If you want to change this grouping, you can use {pi}. Roughly speaking, it applies not just the next word as modifier to what came before, but several following words (often all following words).

For example, compare {tomo telo nasa} with {tomo pi telo nasa} (tomo = structure/"house", telo = water, nasa = crazy).

The first is "(house of water) crazy" or "crazy water-house" or, since "water-house" is used to mean "toilet", "crazy toilet".

The second is "house of (water crazy)" or, since "crazy water" is used to mean "alcohol", "house of alcohol" or "bar" or "pub".

The meaning of phrases containing multiple occurrences of {pi} is not defined, as far as I know; I've used it in this text in a sequence of "A B pi C D pi E F" to mean "((A B) of (C D)) of (E F)". (Rather than, say, "(A B) of ((C D) of (E F))".)

Verb-modifier compounds

In phrases where the first component is verb-like, the second and any subsequent components tend to be adverb-like.

Unofficial words

All official Toki Pona words are lower-case, even at the beginning of a sentence.

Unofficial words have an upper-case first letter, and cannot stand alone, but act like adjectives or modifiers to an official word.

In this text, this occurs only with {jan} "person" as the official word, to designate someone's name. The name has to be mangled into Toki Pona phonotactics, though (basically CV, with a fairly small set of possible C, though a word-initial V syllable is allowed and syllables can also end in "n"). For example, {jan Susan} would be "(the person named) Susan".

The use of {e} and {li}

These two grammatical particles help to figure out the syntax of sentences.

Transitive verbs take {e} before their direct object; this serves to separate the verb-like portion of such a sentence from the following noun-like portion.

The particle {li} occurs before the predicate of a sentence; it serves to separate the verb-like portion of such a sentence from a preceding noun-like portion.

As an exception, {li} is not used when the subject of a sentence is {mi} "I" or {sina} "you". Anything else, including other "pronouns" such as {ona} "he/she/it/they" or {mi mute} "we", must have {li} between it and the predicate.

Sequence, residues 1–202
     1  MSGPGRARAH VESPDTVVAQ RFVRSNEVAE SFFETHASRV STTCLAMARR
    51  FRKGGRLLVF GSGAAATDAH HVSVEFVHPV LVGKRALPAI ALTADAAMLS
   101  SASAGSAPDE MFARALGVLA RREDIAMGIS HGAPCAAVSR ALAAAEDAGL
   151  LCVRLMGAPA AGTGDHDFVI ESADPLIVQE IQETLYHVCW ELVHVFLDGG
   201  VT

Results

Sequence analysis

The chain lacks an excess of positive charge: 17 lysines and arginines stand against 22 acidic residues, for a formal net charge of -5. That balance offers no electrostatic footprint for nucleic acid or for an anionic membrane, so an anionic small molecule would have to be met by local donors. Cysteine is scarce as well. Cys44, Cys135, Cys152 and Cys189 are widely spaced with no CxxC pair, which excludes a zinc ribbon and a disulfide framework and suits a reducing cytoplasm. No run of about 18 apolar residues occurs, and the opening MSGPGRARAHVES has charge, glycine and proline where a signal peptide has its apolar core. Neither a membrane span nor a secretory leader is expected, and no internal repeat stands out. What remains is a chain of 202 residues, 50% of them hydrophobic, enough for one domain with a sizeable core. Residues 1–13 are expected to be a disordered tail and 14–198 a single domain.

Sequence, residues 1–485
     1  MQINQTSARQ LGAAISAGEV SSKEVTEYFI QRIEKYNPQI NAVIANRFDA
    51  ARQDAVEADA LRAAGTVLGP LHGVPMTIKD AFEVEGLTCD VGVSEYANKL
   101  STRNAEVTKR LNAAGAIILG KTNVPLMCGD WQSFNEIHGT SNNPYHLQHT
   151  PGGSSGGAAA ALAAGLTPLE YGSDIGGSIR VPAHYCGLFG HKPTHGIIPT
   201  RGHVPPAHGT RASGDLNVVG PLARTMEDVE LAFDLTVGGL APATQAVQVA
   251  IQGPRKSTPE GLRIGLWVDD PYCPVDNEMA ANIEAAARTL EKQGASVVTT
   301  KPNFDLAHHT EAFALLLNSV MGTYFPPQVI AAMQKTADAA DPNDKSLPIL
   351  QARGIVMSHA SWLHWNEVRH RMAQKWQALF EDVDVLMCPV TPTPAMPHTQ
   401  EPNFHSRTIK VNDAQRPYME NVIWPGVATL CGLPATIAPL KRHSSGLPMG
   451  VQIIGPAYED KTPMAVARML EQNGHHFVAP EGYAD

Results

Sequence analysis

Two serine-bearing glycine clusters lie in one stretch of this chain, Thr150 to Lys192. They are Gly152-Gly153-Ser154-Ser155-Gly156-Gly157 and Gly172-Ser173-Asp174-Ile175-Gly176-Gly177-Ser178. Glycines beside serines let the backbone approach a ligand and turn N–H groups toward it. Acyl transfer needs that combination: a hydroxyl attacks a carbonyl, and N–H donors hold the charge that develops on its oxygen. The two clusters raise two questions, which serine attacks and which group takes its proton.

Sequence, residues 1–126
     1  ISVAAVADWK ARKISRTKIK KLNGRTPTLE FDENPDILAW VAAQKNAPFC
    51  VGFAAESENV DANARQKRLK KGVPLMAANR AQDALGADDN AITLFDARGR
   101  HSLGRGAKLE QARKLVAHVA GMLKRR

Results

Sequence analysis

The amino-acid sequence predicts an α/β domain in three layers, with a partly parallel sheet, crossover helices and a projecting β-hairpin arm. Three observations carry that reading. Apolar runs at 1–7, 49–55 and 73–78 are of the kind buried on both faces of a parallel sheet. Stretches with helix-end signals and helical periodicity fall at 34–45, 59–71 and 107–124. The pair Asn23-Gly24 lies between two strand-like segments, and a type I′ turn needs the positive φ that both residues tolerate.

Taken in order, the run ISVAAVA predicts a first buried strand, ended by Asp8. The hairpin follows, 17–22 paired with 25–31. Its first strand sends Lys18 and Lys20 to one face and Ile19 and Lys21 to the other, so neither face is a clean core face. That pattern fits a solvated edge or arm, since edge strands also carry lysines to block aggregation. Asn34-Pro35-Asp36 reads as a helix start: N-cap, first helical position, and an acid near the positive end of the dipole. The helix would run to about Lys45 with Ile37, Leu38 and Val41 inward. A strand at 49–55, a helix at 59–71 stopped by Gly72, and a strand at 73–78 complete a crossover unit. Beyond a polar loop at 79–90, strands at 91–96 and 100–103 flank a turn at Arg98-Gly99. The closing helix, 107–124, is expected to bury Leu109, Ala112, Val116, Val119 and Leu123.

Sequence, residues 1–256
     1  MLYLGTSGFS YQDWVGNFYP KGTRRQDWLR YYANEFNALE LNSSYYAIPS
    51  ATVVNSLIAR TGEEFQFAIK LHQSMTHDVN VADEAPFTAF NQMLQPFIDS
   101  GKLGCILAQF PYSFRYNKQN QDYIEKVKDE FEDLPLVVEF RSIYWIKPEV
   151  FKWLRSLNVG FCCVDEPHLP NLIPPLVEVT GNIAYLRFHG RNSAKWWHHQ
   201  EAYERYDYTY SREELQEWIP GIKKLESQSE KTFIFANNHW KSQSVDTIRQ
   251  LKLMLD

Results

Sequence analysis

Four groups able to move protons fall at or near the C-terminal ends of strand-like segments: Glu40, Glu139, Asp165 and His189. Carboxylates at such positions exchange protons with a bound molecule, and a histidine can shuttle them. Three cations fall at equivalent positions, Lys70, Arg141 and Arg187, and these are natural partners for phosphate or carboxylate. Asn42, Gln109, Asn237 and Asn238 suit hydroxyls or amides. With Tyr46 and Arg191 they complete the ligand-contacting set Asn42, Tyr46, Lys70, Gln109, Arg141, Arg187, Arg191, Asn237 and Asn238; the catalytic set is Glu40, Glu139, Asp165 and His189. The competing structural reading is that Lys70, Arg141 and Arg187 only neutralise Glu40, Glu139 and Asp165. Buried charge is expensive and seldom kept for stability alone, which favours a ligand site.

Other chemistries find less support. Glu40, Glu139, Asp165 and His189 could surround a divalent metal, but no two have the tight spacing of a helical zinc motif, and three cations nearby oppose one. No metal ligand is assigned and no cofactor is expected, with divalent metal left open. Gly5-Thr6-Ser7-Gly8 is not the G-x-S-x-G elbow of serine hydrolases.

Both {e} and {li} can occur multiple times in a sentence.

If there are multiple {e}, then this means that the verb has two or more objects. For example, {mi moku e kili e soweli} means "I eat fruit and meat" (moku = eat, kili = fruit or pulpy vegetable, soweli = animal or meat).

If there are multiple {li}, then this means that the subject performs two or more actions. For example, {jan li toki li utala} means "The person talks and fights" (jan = person, toki = talk, utala = fight).

Again, {li} is omitted immediately after a subject of {mi} or {sina}, so "I talk and fight" would be {mi toki li utala}.

The use of {la}

The particle {la} is about as close as Toki Pona gets to multi-clause sentences.

It has two basic uses in this text.

Temporal {la}

When the phrase before {la} is a time expression, it says when the action expressed in the main clause takes place. For example, {tenpo suno ni la, mi toki} means "I talk today" (more literally: "this sun-time la, I talk").

Conditional {la}

When the phrase before {la} is *not* a time expression, it expresses a kind of condition under which the action in the main clause takes place -- if/when in English. For example, {mi lape la, ale li pona} "When I sleep, everything is good" (lape = sleep, ale = everything, pona = good; more literally, "I sleep la, everything is good").

The use of {kama} as an "auxiliary verb"

When {kama} is used before another predicate, it means something like "start to (do/be X), begin to (do/be X), become (X)".

The use of {o}: imperatives and vocatives

Both imperatives and vocatives (addressing someone directly) use the particle {o}.

There are three cases:

Vocative

The name, or other designation, is followed by {o}, a comma, and the main sentence you want the person to hear. For example, {jan Ken o, mi pali} would mean "Ken, I'm working."

Imperative

The sentence starts off with {o} and the verb. For example, {o pali} would mean "Work!"

Vocative and imperative

If a sentence is a command addressed to a specific person, then there is only one {o} (not one for the vocative and one for the imperative), and there is *no* comma. For example, {jan Ken o pali} would mean "Ken, work!".

Numbers

Numbers are treated as modifiers, and therefore follow the noun or pronoun they modify. For example, {mi tu} "the two of us"; {sijelo wan} "one body, a body".